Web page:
[Numpy-discussion] ticket 788: possible blocker
Travis E. Oliphant
Tue May 13 11:12:06 CDT 2008
Stéfan van der Walt wrote:
> Hi Travis
> 2008/5/13 Travis E. Oliphant <firstname.lastname@example.org>:
>> I think Stefan is asking me, not you. I don't think you should feel
>> any sense of guilt. I was the one who closed the ticket sans
>> regression test. I tend to still be of the opinion that a bug fix
>> without a regression test is better than no bug fix at all.
> I suppose people may be getting tired of me singing the same tune all
> the time, but I wouldn't do it if I weren't deeply convinced of the
> improvement in software quality resulting from good test coverage.
> This is maybe even more true for NumPy than for other packages,
> illustrated by the recent discussion on masked arrays. The unit tests
> act as a contract between ourselves and our users, and if this
> contract is lacking (or missing!), we cannot guarantee that APIs or
> even functionality will remain unbroken. It may be best if we could
> formalise the policy around this, so that I can either keep quiet or
> expect a regression test with every check-in.
I'm going to strongly oppose any "formalization" of such a policy.
I think these sorts of things are best handled by reminding people of
the benefits of tests and documentation and setting a good example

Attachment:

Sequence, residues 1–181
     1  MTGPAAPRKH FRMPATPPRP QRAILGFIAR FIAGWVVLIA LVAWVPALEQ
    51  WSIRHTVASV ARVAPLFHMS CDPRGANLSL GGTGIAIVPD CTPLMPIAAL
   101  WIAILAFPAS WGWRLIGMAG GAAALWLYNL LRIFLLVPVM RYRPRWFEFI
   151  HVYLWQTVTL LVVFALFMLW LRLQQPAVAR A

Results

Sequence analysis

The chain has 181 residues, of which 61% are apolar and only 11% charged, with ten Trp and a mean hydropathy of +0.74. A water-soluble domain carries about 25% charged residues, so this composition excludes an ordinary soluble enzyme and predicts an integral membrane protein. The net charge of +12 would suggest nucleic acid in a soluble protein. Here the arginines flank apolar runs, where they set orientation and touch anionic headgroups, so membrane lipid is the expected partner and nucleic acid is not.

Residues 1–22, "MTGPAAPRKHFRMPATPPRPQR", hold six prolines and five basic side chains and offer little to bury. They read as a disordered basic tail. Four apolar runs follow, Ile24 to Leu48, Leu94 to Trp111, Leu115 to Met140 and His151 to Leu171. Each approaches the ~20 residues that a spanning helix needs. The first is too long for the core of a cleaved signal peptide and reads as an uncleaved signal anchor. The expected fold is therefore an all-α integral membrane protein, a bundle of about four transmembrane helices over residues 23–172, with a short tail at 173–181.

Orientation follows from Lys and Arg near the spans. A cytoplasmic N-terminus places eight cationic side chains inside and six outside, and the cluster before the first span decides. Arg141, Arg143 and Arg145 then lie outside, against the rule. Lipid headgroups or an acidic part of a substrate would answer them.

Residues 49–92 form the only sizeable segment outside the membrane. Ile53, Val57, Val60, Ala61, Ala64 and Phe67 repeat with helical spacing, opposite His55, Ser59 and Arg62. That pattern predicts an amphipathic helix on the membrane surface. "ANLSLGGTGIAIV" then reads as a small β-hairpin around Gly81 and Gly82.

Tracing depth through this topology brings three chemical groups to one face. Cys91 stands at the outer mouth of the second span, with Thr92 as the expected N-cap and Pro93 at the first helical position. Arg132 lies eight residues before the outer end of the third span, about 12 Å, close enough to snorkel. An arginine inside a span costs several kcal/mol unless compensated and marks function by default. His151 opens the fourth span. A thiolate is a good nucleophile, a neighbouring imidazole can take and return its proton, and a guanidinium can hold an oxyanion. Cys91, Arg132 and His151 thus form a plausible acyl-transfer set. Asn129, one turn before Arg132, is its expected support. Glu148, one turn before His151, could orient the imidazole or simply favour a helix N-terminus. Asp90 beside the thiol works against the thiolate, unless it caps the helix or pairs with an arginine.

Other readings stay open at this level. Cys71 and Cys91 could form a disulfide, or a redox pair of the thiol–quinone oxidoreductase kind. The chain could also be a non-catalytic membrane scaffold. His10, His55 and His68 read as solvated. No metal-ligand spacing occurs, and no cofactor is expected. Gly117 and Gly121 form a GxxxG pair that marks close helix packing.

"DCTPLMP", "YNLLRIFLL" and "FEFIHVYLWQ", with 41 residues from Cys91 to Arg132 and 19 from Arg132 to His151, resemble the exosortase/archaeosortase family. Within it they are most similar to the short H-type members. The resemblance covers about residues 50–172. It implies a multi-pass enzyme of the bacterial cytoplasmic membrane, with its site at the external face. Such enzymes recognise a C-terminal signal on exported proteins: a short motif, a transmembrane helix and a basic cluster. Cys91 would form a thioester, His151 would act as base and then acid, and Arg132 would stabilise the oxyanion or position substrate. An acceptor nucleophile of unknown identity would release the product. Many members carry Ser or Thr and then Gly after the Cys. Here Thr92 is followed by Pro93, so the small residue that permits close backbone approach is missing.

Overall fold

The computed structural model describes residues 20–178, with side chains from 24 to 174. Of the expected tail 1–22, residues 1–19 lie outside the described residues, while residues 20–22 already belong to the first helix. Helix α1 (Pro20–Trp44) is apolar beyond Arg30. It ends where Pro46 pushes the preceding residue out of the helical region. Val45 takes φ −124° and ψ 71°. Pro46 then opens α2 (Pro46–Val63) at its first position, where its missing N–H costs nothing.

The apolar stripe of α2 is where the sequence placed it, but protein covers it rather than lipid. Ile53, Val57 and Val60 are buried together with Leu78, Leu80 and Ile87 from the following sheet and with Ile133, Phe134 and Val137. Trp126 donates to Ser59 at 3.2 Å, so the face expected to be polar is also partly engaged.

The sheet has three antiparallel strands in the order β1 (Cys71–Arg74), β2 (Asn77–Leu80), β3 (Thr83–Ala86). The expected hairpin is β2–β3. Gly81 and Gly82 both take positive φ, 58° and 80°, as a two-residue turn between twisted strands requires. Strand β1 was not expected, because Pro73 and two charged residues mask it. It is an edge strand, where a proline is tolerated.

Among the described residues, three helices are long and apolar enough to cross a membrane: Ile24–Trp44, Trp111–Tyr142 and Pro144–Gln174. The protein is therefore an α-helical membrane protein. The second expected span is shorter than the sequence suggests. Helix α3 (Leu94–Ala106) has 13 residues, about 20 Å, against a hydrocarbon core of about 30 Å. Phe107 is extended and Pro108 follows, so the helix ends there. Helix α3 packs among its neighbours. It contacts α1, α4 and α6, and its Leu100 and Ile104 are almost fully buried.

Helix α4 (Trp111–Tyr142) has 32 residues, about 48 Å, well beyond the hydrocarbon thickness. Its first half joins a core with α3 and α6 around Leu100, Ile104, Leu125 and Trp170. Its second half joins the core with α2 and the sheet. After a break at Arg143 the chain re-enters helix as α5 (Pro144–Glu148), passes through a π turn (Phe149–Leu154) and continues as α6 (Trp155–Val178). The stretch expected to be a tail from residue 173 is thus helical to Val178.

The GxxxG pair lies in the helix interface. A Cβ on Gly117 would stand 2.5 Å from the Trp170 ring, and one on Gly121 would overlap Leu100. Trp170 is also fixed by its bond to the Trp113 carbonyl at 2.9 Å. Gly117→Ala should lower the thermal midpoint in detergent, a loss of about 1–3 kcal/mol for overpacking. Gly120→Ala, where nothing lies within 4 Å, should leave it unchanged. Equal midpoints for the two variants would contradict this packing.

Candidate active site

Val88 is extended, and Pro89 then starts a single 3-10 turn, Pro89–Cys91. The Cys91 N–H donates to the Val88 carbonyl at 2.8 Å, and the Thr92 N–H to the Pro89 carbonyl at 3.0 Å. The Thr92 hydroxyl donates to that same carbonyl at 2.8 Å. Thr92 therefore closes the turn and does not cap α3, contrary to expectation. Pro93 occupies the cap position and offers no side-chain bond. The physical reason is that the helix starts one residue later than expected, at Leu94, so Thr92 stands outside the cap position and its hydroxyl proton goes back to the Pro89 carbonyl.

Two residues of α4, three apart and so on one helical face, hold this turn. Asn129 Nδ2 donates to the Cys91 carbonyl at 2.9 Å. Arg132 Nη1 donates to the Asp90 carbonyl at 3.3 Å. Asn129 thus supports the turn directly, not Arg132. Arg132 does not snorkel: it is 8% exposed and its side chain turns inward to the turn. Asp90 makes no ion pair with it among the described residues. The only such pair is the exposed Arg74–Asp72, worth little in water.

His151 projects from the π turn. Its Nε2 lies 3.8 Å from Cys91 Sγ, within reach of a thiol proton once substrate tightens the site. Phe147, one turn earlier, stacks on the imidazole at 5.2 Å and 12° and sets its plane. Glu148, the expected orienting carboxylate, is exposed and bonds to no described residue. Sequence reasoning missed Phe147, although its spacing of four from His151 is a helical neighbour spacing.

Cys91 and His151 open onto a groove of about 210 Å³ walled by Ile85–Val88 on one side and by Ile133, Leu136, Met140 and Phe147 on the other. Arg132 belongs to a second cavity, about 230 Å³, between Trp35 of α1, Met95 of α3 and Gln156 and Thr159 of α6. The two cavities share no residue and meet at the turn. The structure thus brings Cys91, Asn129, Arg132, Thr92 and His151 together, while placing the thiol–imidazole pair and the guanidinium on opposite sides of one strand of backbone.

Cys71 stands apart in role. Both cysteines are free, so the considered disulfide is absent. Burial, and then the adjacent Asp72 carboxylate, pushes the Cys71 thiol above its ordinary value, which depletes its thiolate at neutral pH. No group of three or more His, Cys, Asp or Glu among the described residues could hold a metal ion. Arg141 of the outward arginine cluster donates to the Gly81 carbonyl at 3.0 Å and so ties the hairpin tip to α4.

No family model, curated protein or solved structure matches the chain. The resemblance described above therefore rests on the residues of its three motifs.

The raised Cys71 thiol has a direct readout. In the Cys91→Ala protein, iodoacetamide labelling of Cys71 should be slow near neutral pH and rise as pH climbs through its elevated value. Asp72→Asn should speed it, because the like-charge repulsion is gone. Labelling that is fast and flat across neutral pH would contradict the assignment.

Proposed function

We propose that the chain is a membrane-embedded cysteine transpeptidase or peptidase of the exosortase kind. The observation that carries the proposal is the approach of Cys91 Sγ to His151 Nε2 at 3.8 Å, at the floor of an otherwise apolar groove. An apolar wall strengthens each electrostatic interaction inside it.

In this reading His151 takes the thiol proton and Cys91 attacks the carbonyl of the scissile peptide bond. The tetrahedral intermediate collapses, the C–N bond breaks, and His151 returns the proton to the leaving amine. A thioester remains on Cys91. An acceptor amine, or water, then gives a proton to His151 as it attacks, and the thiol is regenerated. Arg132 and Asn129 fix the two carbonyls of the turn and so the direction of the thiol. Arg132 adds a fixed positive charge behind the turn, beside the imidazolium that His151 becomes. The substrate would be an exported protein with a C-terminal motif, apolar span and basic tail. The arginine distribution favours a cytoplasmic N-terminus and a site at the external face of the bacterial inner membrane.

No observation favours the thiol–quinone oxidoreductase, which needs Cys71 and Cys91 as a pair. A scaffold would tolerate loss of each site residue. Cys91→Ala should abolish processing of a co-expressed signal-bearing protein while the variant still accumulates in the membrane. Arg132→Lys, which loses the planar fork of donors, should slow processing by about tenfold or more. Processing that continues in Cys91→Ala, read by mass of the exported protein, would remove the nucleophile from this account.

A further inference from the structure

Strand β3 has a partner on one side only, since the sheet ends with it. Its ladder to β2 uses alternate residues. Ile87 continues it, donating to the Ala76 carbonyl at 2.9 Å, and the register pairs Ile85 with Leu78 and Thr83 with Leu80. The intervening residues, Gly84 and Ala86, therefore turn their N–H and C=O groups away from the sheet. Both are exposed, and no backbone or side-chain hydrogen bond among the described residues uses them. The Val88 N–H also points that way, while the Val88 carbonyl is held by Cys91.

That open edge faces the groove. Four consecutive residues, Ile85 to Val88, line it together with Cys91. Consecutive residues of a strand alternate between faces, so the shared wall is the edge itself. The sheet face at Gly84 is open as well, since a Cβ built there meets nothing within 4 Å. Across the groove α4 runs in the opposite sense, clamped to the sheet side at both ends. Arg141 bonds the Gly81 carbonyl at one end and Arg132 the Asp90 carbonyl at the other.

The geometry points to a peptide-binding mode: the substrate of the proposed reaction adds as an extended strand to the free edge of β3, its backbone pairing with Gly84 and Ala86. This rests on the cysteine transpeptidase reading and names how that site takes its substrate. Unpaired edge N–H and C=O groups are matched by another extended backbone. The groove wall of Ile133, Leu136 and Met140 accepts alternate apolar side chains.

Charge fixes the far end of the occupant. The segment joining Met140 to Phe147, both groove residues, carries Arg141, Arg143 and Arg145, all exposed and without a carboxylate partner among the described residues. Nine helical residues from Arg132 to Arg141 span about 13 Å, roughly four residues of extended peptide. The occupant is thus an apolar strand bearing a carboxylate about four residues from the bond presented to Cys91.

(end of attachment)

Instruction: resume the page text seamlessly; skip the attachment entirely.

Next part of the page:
rather than rigidly holding to a "policy" that does not encompass all
situations equally well.
Some bug fixes are valuable even if they don't have a unit test
associated with them (such as IMHO the one under discussion here),
especially if creating the unit test would take additional time that the
bug fixer doesn't have and would lead to the bug not being fixed.
Process does not create quality, people do.
Processes, like unit testing, can help, but usually have their own sets
of flaws as well (how often is the "bug" actually a unit-test bug and
how often do we get a false sense of security because of the lack of
code coverage). The unit test system is far from perfect and there is
quite a bit of overhead in constructing them given the current framework
(yes, I know we are fixing that...)
NumPy would not exist if I had followed the process you seem to want
now. I'm happy to improve the number of "unit-tests" written where I
can, but I'm not going to be pigeon-holed into following a "process"
that *requires* a unit-test for every check in, and I can't in good
conscience push such a policy on others.
Besides, having a "test-per-checkin" is not the proper mapping in my
mind. I'd rather see whole check-ins devoted to testing large pieces
of code rather than spend all unit-test foo on a rigid policy of
"regression" testing each check-in.
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